The paper portrays how the literature regarding military migration is highly gendered. It argues that the voices of women from migrant-soldier families are lost amidst men’s stories of wartime bravery. By building on the experiences of “silent partners,” the paper works towards understanding the agency of women during emigration and links it with a larger literature on gender, migration, and the military/war. The paper is based on an overview of the literature and archival research about the Gurkhas and their families. From the vast amount of literature about Gurkha soldiers, this study traces out the “Gurkha women”.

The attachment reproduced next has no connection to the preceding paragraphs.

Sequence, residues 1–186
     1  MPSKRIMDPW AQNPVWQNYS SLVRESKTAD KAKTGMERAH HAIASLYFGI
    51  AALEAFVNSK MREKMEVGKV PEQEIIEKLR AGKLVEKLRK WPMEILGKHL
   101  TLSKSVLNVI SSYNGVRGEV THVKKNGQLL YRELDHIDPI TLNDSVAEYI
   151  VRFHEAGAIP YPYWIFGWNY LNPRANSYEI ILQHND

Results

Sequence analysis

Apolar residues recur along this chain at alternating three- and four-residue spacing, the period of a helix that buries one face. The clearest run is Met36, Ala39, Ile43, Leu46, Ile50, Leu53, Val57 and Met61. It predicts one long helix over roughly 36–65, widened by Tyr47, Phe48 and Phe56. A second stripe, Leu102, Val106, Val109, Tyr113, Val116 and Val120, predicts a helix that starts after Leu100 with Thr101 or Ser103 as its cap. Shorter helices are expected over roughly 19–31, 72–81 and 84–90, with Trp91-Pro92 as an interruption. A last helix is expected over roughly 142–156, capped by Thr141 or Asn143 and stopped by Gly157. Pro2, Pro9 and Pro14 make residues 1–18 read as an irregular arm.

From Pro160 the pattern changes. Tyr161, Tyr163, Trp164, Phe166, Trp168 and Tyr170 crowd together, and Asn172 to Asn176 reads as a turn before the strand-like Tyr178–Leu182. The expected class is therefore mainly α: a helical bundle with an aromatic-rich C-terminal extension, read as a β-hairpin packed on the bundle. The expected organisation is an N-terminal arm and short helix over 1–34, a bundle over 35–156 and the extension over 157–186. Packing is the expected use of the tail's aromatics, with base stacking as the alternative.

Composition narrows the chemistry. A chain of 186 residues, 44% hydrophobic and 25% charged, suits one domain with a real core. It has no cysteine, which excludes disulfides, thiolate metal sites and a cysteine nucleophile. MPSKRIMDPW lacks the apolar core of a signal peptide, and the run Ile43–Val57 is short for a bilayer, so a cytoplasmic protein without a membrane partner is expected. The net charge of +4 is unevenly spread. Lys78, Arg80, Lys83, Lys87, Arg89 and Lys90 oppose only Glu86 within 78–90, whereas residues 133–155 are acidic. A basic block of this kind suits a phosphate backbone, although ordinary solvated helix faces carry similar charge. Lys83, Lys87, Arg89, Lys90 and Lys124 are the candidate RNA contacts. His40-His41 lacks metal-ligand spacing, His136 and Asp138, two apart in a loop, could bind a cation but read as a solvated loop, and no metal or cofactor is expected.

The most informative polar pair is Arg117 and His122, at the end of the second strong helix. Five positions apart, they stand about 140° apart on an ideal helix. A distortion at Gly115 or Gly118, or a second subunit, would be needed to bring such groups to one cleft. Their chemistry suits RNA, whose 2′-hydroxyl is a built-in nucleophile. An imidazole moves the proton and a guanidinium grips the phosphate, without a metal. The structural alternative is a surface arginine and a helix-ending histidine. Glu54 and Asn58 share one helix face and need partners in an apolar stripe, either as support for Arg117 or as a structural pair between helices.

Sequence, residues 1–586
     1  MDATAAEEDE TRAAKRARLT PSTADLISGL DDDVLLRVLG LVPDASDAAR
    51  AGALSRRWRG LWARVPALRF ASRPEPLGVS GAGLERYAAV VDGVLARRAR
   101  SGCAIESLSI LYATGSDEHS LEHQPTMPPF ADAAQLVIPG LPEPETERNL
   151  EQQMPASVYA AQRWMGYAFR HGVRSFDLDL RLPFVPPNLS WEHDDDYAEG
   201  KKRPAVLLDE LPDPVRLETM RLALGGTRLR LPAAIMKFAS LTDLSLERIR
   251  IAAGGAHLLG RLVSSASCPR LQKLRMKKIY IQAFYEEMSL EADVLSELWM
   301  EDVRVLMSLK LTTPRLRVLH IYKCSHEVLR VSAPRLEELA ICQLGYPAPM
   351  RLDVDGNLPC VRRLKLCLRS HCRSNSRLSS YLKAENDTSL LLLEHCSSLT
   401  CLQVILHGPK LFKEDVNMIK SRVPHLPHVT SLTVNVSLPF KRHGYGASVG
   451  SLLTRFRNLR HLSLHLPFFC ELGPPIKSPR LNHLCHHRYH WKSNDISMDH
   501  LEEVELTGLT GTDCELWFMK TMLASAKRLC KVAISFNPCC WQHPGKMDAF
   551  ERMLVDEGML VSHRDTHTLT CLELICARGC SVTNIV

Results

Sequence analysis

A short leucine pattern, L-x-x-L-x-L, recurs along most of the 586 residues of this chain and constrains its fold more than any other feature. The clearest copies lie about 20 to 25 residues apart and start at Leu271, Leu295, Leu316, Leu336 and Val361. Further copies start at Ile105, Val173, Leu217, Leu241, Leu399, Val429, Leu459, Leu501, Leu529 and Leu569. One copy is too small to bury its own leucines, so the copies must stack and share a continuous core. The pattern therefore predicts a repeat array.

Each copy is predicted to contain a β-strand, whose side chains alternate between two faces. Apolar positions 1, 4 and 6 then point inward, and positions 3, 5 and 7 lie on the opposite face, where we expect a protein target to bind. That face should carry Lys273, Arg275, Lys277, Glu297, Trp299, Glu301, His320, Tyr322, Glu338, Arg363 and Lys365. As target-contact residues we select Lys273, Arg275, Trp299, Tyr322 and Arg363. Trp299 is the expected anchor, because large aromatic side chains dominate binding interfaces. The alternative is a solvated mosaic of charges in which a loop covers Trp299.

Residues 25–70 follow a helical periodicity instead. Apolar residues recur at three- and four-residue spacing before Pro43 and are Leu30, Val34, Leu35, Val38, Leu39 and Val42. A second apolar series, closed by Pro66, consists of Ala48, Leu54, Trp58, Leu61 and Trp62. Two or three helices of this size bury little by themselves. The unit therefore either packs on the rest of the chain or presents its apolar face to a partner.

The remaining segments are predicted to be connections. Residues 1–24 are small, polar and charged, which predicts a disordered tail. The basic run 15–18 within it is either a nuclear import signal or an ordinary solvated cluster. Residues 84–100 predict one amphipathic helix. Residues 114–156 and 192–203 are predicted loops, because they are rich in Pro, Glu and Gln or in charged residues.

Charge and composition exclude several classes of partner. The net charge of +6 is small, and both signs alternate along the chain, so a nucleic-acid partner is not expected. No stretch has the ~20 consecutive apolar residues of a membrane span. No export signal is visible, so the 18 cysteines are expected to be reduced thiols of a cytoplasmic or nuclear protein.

On the one hand, the whole idea of family- and marriage-migration is guided by the notion of “male breadwinner” where women have very little say over the type of mobility and choice of destination. On the other hand, the paper attempts to debunk the popular understanding that women are “left behind” in the migrant household when men migrate or are mere passive followers of their highly mobile male counterparts. Based on the existing literature and archival research, the paper suggests that Gurkha women were highly mobile when women’s international migration (as opposed to internal and cross-border migration) was largely unheard of in the Nepali society. The paper cites various instances of women being involved in the British regiments in Southeast Asia and the UK where they contributed in military, educational, and medical institutions (for example Queen Alexandra’s Royal Army Nursing Corps and St. Thomas Hospital). Also, Gurkha women were involved in recreations and community support activities. However, they just remained invisible in the literature under the shadows of their warrior husbands.